The second staging, which was screened by Sky Sports, saw Bournemouth win through on penalties – the first ever FA Cup match decided from the spot to be broadcast live on television.
The Cherries were also resplendent in a seldom-worn emergency third kit of blue shirts with white shorts and socks. Such was the haste in which the shirts were produced, they only carried the branding of kit maker Ellgren and sponsor A1 Windscreens.
After Ardiles was shown the door, former Gallowgate favourite Kevin Keegan took over and within 18 months, the Toon Army were back in the top flight and newly titled Premier League.
Peacock left for Chelsea in 1993 and enjoyed three prudent years at Stamford Bridge before falling out of favour and ending his career at Queens Park Rangers.
Once again, both Bournemouth and Newcastle were moving on opposing trajectories after that 1992 FA Cup match. The Magpies could have won the Premier League title twice, while Bournemouth nearly went out of business and remained rooted in the third tier.
It wasn’t all doom and gloom on the south coast though as Mel Machin’s appointment as manager saw positive moments such as the Great Escape in 1994/95 and a Wembley appearance in the 1997/98 Auto Windscreens Shield final.
Although Machin’s side, which contained current manager Eddie Howe, were defeated 2-1 by Grimsby, it was arguably the best Cherries side since the Redknapp era.
However, despite being in the promotion picture for all the 1998/99 campaign, Machin saw his charges implode during the final weeks of the season and a 0-0 draw on the final day at home to Wrexham saw Bournemouth slip out of the play-offs and finish eighth.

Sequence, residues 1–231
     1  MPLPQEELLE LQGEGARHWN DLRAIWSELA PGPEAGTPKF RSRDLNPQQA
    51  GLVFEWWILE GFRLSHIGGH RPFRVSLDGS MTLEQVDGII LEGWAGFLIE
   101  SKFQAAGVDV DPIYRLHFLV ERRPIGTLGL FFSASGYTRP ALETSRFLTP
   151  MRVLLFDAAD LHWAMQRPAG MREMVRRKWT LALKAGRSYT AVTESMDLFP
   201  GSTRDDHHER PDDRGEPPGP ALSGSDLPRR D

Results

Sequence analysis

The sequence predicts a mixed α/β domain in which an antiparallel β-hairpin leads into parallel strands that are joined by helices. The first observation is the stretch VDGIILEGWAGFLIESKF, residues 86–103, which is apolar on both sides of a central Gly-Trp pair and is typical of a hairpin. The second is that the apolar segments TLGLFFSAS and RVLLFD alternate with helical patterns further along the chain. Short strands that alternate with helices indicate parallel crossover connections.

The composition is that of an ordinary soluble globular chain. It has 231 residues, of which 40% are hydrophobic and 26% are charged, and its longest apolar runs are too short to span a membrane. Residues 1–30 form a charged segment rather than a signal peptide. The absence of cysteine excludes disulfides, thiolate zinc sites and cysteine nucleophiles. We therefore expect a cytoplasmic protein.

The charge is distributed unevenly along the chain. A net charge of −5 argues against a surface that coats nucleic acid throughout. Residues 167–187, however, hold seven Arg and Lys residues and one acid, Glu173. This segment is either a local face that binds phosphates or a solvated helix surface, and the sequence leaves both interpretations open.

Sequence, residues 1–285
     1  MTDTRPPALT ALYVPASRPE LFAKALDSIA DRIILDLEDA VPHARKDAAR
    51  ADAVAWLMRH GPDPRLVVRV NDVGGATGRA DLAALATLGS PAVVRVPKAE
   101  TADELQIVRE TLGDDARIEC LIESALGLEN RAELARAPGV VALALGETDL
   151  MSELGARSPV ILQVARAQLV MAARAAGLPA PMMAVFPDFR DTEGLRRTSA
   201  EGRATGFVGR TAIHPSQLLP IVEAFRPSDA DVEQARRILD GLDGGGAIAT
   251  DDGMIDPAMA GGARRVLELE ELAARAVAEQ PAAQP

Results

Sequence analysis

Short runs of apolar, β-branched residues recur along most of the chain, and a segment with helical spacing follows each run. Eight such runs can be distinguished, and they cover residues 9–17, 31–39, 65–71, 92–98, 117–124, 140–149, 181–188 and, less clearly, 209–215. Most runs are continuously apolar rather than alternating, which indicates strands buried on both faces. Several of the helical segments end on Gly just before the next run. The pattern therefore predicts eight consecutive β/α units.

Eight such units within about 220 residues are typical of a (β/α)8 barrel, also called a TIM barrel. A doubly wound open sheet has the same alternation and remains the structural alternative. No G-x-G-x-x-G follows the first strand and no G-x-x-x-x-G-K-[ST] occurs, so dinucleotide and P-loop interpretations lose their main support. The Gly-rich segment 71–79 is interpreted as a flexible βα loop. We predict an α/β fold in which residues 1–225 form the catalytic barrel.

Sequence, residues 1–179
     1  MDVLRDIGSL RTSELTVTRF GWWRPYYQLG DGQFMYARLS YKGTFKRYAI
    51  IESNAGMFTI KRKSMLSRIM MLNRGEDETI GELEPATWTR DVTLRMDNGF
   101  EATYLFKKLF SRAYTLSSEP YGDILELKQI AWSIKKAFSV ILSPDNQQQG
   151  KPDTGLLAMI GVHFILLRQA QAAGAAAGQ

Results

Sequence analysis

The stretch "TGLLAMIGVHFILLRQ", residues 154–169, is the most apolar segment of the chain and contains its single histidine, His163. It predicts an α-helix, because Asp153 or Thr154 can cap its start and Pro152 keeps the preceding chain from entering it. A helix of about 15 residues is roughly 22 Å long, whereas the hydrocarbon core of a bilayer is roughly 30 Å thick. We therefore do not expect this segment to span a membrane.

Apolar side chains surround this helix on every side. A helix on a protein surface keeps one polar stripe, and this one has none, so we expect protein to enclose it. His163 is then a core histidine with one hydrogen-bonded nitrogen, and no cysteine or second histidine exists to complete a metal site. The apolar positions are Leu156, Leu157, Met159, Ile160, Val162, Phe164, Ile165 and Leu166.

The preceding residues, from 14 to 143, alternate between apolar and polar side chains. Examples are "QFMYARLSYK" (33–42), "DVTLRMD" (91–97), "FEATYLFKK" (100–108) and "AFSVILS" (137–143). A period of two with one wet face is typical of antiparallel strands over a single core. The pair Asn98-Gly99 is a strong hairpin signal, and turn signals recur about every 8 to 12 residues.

It was a setback that Machin never really recovered from as the following term, the side never won back-to-back matches.
Machin was renowned for fitting square pegs into round holes and after converting Ian Cox into a ball-playing centre half and moving Rob Murray from striker to defender, the decision to play goal-getter Christer Warren at left-back in 1999/00 didn’t have as much success.
A thumping 5-1 league defeat at Notts County in late November 1999 saw Machin come to the conclusion that the Warren experiment didn’t work and with no other left-backs on the clubs books, he signed Hendon-born defender Stuart Elliott from Newcastle on loan.
Initially, Elliott’s arrival seemed to do the trick as he made his debut in a 2-0 away win at Cambridge United, but again the Cherries’ inconsistency came home to roost. After eight appearances, Elliott returned to Tyneside and Warren was thrust back into his unfamiliar role.
Elliott’s spell on loan at Dean Court was one of numerous sabbaticals he would make whilst still on Newcastle’s books.
He didn’t make a senior appearance for the Magpies and was named on the bench for a first team game just once – away at Southampton in Kenny Dalglish’s first game in charge after he replaced Keegan.
Bournemouth were one of seven clubs which Elliott served on loan before he joined Darlington in 2000. After just one season with the Quakers, he returned to the south west and joined Plymouth Argyle, then their arch-rivals Exeter City, after sojourns inbetween at Scarborough and Carlisle United.
The Grecians were Elliott’s last professional club and after numerous spells in non-league, he eventually went into management and is currently in charge of Northern League Division One side Newcastle Benfield.